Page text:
Certainly not melting and I'm pretty sure it was soft solder only as I know he had no knowledge of silver soldering. I use silver solder (hard soldering) all the time and have done for over 50 years, most of it with cadmium rich (still, I get it from ebay) and I have had no unpleasant reactions. OK, currently I have the shed door open as it's a very small shed, but I never used to in a 7x5. Before that the space was always bigger. Cadmium free modern silver solder is crap as it will not flow as well as Cadmium containing. Martin
I started building a dutch coaster recently from a kit which is all plastic and styrene. I have no experience of using these materials. Progressing reasonably well but am finding that my fingers are becoming very sore, splitting and losing top layer of skin. Lips are swelling too. I can only guess this is a reaction to the styrene and would like to know if anybody else has this problem and how they get round it apart from stopping the build. Any help will be gratefully received. Regards, Nerys
Agreed John👍 especially in the Pacific colours faded rapidly. Depends if you want 'as built' / 'freshly painted' or 'in action'. "Not many people would spot or even know the difference anyway." Trouble is 'We do!' 😁 Cheers, Doug 😎 BTW the mix proportions, of those colours not yard premixed, are given in one of the links I gave. For scale models it seems to be generally accepted to lighten the basic colours a little, have seen 10 to 20% white depending on darkness of the base colour, to give more impression of distance and hence more realism on the wet stuff.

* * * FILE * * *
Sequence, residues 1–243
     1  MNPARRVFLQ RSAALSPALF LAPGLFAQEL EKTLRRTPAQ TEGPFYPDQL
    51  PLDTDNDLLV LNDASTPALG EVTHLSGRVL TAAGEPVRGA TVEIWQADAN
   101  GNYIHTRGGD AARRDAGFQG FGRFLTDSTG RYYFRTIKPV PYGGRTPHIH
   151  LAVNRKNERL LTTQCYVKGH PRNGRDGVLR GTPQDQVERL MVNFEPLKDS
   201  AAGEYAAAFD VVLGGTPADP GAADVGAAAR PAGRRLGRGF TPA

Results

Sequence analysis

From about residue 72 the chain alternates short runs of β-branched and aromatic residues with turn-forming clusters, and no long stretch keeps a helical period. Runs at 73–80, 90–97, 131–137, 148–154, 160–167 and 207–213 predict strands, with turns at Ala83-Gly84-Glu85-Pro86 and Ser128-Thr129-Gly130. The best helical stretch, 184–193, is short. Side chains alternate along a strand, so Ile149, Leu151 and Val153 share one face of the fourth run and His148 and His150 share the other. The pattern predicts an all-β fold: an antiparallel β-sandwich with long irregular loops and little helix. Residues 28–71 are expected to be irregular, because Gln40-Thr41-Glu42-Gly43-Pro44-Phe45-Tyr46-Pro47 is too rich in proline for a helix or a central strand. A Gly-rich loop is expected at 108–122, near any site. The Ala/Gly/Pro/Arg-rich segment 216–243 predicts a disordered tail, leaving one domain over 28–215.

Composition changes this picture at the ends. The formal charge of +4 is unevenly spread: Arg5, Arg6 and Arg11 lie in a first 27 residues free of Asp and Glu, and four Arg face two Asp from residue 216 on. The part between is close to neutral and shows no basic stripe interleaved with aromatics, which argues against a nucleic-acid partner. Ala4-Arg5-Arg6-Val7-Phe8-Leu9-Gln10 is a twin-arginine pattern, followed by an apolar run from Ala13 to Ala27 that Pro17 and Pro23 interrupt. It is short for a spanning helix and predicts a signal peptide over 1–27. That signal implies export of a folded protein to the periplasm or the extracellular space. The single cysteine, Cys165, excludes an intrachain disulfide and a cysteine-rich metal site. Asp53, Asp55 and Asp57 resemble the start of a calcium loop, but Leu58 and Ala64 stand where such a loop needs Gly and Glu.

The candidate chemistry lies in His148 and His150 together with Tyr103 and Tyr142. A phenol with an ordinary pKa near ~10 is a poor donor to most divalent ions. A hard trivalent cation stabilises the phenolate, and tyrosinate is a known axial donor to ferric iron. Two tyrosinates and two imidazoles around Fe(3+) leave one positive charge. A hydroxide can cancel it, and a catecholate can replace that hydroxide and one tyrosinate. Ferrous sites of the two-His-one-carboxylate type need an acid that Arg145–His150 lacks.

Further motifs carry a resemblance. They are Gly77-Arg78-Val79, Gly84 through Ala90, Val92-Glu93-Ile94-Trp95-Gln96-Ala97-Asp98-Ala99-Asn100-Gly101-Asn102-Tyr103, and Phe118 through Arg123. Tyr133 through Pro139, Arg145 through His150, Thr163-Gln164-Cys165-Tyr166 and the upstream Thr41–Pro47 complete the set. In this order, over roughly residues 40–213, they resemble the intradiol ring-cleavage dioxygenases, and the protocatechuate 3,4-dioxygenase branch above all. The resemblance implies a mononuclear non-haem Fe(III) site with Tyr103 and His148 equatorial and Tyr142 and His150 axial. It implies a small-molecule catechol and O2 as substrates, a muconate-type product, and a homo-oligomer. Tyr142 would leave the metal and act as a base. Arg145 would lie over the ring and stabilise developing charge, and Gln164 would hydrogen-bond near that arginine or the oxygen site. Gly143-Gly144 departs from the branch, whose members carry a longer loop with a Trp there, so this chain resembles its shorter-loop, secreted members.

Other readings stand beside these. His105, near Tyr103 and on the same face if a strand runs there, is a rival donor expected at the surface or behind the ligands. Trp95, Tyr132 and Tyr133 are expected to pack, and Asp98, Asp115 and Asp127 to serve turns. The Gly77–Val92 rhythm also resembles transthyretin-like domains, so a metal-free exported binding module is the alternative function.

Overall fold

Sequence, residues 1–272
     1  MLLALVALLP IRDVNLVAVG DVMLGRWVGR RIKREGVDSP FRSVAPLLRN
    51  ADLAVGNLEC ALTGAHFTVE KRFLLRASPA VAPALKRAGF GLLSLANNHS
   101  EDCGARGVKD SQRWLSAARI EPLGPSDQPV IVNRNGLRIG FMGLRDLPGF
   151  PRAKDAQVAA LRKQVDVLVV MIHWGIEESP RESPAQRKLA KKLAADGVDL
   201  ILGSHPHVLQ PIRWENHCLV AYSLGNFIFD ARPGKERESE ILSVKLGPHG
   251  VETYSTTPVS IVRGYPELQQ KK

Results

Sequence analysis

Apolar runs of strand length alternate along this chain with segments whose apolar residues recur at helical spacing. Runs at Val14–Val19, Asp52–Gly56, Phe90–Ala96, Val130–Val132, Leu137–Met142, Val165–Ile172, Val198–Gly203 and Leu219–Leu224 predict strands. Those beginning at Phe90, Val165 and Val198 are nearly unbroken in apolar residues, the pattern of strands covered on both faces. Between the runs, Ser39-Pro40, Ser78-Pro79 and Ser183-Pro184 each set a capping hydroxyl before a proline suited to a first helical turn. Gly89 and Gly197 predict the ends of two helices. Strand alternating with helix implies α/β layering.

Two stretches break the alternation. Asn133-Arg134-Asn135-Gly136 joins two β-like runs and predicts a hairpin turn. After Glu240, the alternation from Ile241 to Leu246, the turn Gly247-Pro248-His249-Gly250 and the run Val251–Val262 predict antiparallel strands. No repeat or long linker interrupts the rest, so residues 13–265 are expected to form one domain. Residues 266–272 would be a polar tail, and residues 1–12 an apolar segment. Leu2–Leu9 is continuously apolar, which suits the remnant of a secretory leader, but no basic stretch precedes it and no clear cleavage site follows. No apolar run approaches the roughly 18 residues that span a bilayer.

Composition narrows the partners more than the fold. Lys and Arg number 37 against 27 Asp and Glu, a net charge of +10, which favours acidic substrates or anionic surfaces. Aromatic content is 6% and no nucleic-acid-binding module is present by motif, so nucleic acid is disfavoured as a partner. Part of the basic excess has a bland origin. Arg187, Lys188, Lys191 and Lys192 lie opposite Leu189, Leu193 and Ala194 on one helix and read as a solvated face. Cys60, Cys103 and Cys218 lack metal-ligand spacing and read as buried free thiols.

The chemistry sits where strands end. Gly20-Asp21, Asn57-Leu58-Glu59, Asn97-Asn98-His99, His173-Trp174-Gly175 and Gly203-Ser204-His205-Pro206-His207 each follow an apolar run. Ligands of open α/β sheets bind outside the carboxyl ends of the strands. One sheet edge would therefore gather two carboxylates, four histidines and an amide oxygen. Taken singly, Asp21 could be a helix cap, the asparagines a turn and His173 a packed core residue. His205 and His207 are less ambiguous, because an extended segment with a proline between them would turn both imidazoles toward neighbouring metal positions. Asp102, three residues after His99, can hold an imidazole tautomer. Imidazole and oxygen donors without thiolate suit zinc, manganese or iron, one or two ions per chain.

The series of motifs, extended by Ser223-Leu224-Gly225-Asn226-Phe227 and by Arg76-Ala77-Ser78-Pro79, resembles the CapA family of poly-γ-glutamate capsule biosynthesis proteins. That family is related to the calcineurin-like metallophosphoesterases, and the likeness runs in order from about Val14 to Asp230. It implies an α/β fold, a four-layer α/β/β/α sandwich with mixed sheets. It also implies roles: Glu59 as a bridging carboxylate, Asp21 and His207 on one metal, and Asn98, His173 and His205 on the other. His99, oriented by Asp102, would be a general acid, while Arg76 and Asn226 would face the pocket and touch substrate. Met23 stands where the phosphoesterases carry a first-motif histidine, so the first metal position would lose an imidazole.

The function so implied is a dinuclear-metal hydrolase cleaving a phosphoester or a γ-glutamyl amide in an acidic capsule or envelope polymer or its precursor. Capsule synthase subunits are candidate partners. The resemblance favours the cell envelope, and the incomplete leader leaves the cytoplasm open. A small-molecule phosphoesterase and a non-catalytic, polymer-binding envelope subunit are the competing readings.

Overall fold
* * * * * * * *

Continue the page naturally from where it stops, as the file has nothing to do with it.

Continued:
I really like your schenllboot and I hope you get the same satisfaction as I am getting, I have building the same kit for the last year and a bit , and the support on this site is tremendous, as well as the tips and methods in the blogs and posts . I think I would have be lost without the members help, so keep at PS the boat looks really good
Mornin Peter, That's probably your best bet👍 I find it convenient to use my cheaper single action airbrush with a 0.8 nozzle / needle setup for larger stuff like hulls, and keep the more sophisticated dual action set with a 0.5 (very occasionally 0.3) for detail work or the smaller 1/350 ships. For the latter rattle cans are of course totally useless, but the scale is just to big for decent brush painting (for me anyway😲) Saves having to fiddle about changing the setup so often😉 Happy spraying, cheers, Doug 😎